Agricultural seeders are also commonly outfitted with a pair of marker assemblies. Each marker assembly will generally include a marker frame which carries a marking disc. A seeder will typically have a marker frame extending laterally on opposite sides of the seeder, and the marker frames can be independently raised and lowered by a respective lift assembly, such as a hydraulic cylinder. The marking disc is designed to cut a furrow into the farm field which serves as a marker as to the position of the seeder as the field was passed. Thus, during a subsequent pass of the farm field, the operator can position the seeder so that the next pass is properly aligned with the previous seeding pass to prevent overseeding of a previously seeded area or to prevent undesirable gaps in the seeded rows. Improper uniformity in spacing of the rows as well as distribution of the seed can negatively impact crop yields.

Occasionally, as the seeder is being towed by the tractor across the farm field, the marker frame may collide with an obstacle in the farm field, such as an unseen rock. To reduce the impact of such collisions, the marker frame must be built in a manner and with materials that are capable of withstanding the impact with such objects without causing fracture or other damage to the marker frame. Moreover, since the marker frame is coupled to the main frame of the seeder, the composition of the marker frame must be such that collision of the marker frame with an obstruction does not negatively impact the main towable frame of the seeder. This typically results in relatively heavy, bulky, and ultimately costly marker frames that can significantly impact the overall weight and size of the seeder as well as its cost.

In addition, it is not uncommon for the marker assembly to be towed along undulating terrain. This can be particularly pronounced for wider marker assemblies. Thus, marker assemblies are generally designed and constructed with sufficient flexibility to account for the expected range of ground contours. However, this flexibility can present issues in managing deployment of the marker assembly from a retracted stow position to an extended working position.

Therefore, there is a need for a marker assembly better suited to handle surface contours as well as collisions with field obstructions.

SUMMARY OF THE INVENTION

The present invention is directed to a marker assembly having a float linkage that allows limited vertical displacement of the marker assembly when the marker assembly is in a fully deployed position. This limited vertical displacement is particularly advantageous to accommodate changes in surface terrain (contour) as well as in-field obstructions. The marker assembly is comprised by a series of interconnected linkages. The linkages are extended by an actuator, e.g., hydraulic cylinder and ram. The float linkage allows for vertical displacement of the extended linkages even when the actuator is in an extended position.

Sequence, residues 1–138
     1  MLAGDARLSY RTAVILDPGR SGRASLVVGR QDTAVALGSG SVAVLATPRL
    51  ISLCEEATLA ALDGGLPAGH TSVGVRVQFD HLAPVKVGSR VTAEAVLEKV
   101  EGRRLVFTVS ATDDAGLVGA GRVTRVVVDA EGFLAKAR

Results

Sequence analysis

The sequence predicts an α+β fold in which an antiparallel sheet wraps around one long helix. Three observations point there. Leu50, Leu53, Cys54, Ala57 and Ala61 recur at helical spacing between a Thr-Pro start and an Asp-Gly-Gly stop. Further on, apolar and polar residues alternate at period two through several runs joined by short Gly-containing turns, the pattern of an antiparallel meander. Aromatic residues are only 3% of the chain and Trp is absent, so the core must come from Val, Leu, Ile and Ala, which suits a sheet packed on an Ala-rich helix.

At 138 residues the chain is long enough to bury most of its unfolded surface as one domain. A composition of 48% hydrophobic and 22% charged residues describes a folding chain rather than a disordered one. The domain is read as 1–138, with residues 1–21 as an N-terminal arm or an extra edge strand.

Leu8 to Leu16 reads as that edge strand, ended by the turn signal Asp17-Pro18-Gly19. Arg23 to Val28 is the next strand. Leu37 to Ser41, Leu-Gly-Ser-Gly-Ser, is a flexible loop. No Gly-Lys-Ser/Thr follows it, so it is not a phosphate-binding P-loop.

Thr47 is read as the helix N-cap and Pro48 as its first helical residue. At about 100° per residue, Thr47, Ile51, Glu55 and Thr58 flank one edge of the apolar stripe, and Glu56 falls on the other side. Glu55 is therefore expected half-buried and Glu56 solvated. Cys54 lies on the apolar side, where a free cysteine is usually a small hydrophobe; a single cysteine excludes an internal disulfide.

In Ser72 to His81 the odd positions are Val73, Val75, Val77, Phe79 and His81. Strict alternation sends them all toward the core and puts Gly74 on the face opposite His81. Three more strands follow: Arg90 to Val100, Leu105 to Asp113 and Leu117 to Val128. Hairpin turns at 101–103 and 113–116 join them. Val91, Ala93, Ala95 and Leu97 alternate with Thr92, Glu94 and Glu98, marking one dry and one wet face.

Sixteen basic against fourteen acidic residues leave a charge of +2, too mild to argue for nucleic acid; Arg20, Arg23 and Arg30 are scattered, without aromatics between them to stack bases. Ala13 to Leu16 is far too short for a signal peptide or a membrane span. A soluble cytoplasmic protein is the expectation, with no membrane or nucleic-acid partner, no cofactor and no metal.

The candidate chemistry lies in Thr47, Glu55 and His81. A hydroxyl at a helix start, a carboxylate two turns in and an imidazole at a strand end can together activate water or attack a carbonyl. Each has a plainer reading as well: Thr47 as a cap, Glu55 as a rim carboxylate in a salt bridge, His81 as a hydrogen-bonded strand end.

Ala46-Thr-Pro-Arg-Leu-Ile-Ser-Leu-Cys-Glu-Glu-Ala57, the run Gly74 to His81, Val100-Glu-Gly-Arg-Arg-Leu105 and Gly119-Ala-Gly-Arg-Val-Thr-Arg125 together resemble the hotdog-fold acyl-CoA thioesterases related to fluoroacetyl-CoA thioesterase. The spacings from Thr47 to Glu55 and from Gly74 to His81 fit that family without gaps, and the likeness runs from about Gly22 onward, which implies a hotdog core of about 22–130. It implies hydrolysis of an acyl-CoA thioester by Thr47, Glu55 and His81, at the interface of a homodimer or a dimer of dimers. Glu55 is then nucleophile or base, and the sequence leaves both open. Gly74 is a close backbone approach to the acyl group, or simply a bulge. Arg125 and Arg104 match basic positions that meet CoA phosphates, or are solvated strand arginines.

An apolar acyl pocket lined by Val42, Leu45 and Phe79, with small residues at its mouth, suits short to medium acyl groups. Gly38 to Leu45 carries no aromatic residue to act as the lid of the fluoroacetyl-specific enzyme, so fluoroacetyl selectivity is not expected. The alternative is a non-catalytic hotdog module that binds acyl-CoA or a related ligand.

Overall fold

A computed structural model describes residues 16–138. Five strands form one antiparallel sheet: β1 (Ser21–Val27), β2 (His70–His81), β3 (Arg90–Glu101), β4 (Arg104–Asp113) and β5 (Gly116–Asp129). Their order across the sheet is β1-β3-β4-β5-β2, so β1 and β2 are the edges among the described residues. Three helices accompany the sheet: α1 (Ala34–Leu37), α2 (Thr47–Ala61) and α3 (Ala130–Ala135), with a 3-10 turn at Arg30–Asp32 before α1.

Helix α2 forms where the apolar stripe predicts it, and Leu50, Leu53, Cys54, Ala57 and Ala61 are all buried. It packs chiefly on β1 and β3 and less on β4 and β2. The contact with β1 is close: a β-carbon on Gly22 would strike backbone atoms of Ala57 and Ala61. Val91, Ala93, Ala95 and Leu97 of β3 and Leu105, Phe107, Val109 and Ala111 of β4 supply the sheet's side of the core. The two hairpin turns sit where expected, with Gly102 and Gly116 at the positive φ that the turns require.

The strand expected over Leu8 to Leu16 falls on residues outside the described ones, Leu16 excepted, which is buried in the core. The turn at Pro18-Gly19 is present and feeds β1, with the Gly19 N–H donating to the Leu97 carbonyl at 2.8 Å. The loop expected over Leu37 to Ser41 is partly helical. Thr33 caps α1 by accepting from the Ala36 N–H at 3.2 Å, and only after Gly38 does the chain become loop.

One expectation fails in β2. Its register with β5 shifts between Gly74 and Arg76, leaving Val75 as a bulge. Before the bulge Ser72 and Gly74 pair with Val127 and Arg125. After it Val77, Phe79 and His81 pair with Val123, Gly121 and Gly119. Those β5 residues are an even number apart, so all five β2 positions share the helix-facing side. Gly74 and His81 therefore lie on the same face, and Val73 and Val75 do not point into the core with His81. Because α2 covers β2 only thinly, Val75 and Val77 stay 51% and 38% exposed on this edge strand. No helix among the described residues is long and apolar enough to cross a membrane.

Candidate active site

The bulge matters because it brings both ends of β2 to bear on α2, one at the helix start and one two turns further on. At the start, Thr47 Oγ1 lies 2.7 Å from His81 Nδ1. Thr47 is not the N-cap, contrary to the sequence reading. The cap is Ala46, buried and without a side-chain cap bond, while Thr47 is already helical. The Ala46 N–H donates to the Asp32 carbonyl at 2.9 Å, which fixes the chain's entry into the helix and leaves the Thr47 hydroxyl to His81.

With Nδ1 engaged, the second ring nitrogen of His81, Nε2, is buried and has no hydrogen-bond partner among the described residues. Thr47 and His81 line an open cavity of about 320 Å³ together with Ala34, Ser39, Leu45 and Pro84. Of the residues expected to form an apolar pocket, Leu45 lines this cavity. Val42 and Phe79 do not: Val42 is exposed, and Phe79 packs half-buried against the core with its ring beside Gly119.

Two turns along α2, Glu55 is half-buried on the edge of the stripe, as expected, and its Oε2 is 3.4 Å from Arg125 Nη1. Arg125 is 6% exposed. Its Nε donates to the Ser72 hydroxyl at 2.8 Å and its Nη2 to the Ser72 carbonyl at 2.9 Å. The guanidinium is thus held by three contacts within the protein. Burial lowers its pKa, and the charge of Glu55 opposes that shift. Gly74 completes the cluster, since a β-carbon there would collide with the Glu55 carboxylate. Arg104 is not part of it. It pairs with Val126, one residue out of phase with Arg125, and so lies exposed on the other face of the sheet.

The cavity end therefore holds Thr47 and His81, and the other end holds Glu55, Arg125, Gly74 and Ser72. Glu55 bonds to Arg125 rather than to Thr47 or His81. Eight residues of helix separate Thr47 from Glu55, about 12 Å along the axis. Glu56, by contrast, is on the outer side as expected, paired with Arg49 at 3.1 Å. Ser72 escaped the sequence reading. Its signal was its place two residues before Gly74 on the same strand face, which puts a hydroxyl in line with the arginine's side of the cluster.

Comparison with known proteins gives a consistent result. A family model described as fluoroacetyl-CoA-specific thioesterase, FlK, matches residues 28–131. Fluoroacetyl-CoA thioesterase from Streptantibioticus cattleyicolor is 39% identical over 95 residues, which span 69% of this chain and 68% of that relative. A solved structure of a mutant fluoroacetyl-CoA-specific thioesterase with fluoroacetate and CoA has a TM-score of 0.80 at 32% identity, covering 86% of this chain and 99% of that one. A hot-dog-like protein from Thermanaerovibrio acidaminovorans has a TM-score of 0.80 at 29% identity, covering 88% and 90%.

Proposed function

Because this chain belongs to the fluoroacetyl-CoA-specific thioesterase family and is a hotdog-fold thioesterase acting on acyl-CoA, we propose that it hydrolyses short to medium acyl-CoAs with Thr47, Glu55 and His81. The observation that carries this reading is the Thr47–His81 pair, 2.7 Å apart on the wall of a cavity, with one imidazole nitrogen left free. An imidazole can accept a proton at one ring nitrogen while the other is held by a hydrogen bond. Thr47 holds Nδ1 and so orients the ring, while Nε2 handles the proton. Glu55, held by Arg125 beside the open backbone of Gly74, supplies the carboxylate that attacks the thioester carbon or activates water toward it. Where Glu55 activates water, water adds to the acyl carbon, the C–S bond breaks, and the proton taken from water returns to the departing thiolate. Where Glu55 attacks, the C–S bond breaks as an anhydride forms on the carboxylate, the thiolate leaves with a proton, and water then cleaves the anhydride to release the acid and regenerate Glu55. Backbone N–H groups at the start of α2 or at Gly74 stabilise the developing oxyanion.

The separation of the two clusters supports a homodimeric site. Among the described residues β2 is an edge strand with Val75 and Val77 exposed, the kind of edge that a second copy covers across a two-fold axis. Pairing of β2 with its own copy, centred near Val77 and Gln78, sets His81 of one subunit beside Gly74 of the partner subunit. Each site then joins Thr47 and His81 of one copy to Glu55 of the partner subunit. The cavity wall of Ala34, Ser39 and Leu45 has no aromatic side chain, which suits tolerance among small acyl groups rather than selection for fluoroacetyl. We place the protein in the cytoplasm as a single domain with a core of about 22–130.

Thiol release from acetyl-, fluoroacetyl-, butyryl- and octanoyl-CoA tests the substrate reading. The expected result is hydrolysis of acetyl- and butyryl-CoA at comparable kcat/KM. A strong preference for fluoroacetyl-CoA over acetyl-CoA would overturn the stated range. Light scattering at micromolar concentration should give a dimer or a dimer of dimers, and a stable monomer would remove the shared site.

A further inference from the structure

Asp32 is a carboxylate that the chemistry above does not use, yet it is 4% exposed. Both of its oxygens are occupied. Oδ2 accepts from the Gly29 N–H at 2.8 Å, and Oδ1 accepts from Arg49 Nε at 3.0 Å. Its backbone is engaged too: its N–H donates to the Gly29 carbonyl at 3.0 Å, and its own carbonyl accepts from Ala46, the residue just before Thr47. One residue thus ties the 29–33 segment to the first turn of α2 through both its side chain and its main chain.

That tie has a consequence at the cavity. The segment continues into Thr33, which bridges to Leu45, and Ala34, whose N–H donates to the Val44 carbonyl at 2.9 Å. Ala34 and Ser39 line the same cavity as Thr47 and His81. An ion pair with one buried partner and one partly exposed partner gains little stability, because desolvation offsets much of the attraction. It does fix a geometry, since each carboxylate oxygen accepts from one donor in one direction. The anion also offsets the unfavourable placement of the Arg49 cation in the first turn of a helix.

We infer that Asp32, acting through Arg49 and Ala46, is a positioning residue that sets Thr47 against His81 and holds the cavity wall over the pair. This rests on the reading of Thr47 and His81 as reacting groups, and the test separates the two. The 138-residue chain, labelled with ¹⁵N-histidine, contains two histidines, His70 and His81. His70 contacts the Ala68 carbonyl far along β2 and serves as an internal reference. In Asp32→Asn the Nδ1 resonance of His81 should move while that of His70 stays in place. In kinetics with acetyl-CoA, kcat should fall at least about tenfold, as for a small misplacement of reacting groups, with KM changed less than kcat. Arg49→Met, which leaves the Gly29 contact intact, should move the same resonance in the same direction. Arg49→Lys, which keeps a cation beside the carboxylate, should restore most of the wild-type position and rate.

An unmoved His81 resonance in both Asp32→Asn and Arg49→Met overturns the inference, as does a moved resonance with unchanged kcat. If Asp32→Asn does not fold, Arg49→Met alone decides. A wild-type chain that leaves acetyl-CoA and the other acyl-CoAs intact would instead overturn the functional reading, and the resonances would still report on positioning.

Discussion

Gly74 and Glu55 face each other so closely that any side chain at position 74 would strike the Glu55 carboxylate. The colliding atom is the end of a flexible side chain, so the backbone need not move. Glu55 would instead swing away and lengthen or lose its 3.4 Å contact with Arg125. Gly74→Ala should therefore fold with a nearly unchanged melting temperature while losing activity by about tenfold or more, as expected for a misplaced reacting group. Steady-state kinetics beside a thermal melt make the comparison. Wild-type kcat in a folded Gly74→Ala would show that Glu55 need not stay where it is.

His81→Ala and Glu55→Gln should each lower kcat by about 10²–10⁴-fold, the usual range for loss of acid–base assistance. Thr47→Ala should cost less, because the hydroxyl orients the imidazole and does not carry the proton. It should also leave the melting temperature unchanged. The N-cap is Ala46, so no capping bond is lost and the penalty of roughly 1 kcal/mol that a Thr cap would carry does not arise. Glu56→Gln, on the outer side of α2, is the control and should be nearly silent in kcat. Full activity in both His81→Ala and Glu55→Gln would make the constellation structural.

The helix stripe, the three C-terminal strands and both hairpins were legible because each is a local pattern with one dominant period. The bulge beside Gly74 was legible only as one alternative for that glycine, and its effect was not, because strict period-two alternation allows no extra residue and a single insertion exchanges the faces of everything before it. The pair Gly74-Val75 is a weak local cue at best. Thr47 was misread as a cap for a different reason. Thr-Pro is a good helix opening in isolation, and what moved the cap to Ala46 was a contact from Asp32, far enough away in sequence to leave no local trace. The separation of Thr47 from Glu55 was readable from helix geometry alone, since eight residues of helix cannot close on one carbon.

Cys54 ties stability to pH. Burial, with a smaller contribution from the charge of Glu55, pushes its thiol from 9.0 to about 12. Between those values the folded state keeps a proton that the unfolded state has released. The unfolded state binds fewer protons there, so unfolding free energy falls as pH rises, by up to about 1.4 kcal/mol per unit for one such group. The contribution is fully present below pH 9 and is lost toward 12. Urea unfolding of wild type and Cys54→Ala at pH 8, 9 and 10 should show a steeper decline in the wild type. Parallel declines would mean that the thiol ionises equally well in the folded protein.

It is therefore an object to provide a marker assembly that can rise and fall in response to surface undulations and/or surface collisions when in a fully extended position.

Other objects, features, and advantages of the invention will become apparent to those skilled in the art from the following detailed description and accompanying drawings. It should be understood, however, that the detailed description and specific examples, while indicating preferred embodiments of the present invention, are given by way of illustration and not of limitation. Many changes and modifications may be made within the scope of the present invention without departing from the spirit thereof, and the invention includes all such modifications.

BRIEF DESCRIPTION OF THE FIGURES

Preferred exemplary embodiments of the invention are illustrated in the accompanying drawings in which like reference numerals represent like parts throughout.

In the drawings:

FIG. 1 is an isometric view of a marker assembly according to one embodiment of the invention;

FIG. 2 is a side isometric view of a mounting end of the marker assembly shown in FIG. 1;

FIG. 3 is a rear top isometric view of the mounting end of the marker assembly shown in FIGS. 1 and 2;

FIG. 3A is a top plan view of the marker assembly shown in a breakaway position according to one aspect of the invention;